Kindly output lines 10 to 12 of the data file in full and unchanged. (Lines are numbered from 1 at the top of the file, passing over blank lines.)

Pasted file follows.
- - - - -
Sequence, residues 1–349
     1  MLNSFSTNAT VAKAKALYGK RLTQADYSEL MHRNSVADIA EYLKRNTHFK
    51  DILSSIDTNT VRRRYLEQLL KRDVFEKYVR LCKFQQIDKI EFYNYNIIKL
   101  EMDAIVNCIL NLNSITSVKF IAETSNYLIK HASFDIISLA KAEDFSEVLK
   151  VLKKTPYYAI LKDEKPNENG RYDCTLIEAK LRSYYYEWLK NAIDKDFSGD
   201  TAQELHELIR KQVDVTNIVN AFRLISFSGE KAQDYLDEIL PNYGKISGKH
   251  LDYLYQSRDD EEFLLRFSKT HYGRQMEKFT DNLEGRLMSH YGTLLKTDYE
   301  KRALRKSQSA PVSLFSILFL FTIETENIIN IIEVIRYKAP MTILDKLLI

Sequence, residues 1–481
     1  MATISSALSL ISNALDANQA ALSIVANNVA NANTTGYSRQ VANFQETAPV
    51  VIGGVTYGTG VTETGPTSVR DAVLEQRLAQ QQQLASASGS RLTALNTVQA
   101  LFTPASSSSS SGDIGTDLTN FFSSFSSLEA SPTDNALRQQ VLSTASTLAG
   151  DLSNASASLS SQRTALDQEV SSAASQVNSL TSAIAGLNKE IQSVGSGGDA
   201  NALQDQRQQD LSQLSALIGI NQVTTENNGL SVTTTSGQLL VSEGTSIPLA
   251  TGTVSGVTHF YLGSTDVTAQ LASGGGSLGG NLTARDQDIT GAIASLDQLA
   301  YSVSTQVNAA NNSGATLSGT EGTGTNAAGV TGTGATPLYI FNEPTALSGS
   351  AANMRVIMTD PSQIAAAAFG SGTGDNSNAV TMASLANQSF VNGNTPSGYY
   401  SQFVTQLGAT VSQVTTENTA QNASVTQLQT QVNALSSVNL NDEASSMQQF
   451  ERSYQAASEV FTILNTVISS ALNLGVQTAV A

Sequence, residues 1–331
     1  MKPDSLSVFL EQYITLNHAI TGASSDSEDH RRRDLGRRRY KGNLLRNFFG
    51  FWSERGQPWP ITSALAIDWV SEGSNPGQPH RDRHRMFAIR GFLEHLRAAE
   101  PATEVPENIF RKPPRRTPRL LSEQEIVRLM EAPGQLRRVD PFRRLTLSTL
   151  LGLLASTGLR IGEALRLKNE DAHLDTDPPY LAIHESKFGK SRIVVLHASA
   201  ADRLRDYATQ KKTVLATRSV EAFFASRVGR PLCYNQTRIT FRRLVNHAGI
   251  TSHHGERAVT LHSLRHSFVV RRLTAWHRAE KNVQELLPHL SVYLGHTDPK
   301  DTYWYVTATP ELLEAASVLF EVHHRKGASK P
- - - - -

     1  MATISSALSL ISNALDANQA ALSIVANNVA NANTTGYSRQ VANFQETAPV
    51  VIGGVTYGTG VTETGPTSVR DAVLEQRLAQ QQQLASASGS RLTALNTVQA
   101  LFTPASSSSS SGDIGTDLTN FFSSFSSLEA SPTDNALRQQ VLSTASTLAG